Avoiding 'digital Exxon Valdez'
- By Dan Verton
- Aug 03, 2000
The National Plan for Critical Infrastructure Protection
A presidential advisory committee has established a task force to facilitate
the sharing of information between the private sector and the government
about critical infrastructure protection.
Officials have identified information sharing between industry and government
as one of the most pressing security challenges. The private sector owns
the vast majority of the nation's critical infrastructure.
The National Security Telecommunications Advisory Committee — a presidential
advisory committee made up of 30 corporate leaders representing major sectors
of the telecommunications industry — issued a report in May concluding that
there are three main barriers to information sharing and critical infrastructure
* Lack of a clear and present danger to spur immediate action.
* Operational impediments resulting from the lack of a single coordinating
body for information sharing.
* Legal impediments, primarily from the debate over exemptions from the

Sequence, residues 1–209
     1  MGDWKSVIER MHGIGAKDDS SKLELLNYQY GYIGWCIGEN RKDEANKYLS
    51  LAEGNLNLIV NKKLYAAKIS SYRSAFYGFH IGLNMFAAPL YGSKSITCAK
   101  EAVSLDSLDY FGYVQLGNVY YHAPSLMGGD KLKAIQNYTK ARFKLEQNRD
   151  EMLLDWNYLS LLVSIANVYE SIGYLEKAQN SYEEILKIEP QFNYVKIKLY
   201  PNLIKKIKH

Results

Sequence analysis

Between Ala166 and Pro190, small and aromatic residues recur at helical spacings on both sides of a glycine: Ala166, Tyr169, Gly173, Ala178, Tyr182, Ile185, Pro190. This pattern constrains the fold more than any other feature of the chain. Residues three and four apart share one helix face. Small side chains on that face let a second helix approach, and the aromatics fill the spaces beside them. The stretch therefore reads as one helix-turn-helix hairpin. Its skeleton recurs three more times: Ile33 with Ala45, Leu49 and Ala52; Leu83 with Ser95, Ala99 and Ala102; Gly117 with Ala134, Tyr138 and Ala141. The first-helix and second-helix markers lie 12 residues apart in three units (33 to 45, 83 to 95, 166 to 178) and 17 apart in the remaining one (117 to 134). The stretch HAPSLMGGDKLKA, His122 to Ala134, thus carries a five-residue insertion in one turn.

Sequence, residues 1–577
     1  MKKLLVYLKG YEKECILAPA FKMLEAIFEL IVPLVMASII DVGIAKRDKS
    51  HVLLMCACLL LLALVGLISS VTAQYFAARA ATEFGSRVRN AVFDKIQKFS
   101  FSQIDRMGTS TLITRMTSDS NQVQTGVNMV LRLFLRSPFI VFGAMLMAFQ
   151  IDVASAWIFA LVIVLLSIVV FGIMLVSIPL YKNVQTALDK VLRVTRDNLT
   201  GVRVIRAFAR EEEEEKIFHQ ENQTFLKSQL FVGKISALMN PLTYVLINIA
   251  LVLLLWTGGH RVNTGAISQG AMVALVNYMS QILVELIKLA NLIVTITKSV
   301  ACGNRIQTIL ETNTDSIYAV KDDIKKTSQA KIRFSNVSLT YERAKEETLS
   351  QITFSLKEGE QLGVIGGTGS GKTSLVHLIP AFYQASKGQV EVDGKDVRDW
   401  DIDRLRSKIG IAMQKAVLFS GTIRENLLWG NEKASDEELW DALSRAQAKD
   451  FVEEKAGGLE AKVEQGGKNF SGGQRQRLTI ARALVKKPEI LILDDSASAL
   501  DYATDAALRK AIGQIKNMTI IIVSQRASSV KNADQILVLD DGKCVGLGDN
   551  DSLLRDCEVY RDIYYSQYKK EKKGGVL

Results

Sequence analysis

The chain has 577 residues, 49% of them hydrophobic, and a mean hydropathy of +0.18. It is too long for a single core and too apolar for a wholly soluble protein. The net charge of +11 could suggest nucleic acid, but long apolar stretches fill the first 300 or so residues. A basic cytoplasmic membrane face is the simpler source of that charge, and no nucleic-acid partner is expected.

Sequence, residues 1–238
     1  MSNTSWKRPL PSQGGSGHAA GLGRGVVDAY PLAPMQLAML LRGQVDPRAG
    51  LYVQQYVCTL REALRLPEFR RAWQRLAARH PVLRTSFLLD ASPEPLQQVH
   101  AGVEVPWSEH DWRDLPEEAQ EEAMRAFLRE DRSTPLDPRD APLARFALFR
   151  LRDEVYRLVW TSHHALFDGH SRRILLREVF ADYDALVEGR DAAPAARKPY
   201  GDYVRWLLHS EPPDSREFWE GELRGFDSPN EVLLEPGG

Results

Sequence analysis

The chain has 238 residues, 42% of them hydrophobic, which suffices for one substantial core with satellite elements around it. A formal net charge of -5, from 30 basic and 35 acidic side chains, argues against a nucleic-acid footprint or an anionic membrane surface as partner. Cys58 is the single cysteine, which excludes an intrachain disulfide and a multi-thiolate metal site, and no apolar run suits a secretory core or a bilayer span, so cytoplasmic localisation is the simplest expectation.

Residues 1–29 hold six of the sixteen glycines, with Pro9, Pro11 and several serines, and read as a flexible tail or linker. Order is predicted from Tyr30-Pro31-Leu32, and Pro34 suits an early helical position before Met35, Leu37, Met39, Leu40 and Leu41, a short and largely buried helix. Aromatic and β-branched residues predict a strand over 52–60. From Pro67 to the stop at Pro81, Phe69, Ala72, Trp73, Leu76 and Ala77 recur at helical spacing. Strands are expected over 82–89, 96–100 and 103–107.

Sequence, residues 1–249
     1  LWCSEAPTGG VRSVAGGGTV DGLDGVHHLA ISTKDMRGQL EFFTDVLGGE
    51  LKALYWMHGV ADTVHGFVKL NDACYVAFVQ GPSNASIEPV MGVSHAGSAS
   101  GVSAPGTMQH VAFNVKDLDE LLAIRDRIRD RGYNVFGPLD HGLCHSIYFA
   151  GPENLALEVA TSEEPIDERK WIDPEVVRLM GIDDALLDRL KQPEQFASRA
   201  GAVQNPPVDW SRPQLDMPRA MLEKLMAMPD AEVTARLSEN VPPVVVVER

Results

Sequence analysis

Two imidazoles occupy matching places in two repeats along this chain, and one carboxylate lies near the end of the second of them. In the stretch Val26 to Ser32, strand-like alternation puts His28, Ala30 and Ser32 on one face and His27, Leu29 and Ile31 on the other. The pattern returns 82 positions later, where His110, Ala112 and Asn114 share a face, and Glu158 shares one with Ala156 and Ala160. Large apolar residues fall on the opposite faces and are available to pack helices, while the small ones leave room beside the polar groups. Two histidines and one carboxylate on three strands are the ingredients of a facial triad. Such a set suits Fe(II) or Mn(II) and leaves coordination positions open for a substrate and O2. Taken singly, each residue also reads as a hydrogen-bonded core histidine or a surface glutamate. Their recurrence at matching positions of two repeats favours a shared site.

Freedom of Information Act.
"There is a big question about whether industry will take the lead" in security,
said John Tritak, director of the Critical Infrastructure Assurance Office,
during a recent cybersecurity summit at Carnegie Mellon University in Pittsburgh.
"Version 2 of the National Plan [for Information Systems Protection] will
be written by industry," Tritak said.
However, if the private sector doesn't come to the table, they run the risk
of allowing a "digital Exxon Valdez" disaster to occur, he said. "There
are many people on the Hill who are rightly concerned about whether national
security can be handled by economic, market-driven needs."
Jeffrey Hunker, senior director for critical infrastructure at the National
Security Council, said by not taking the lead, industry runs the risk of
allowing Congress to act inappropriately. "This is not an academic subject.
Bad law or bad regulation will fill the gap," he said.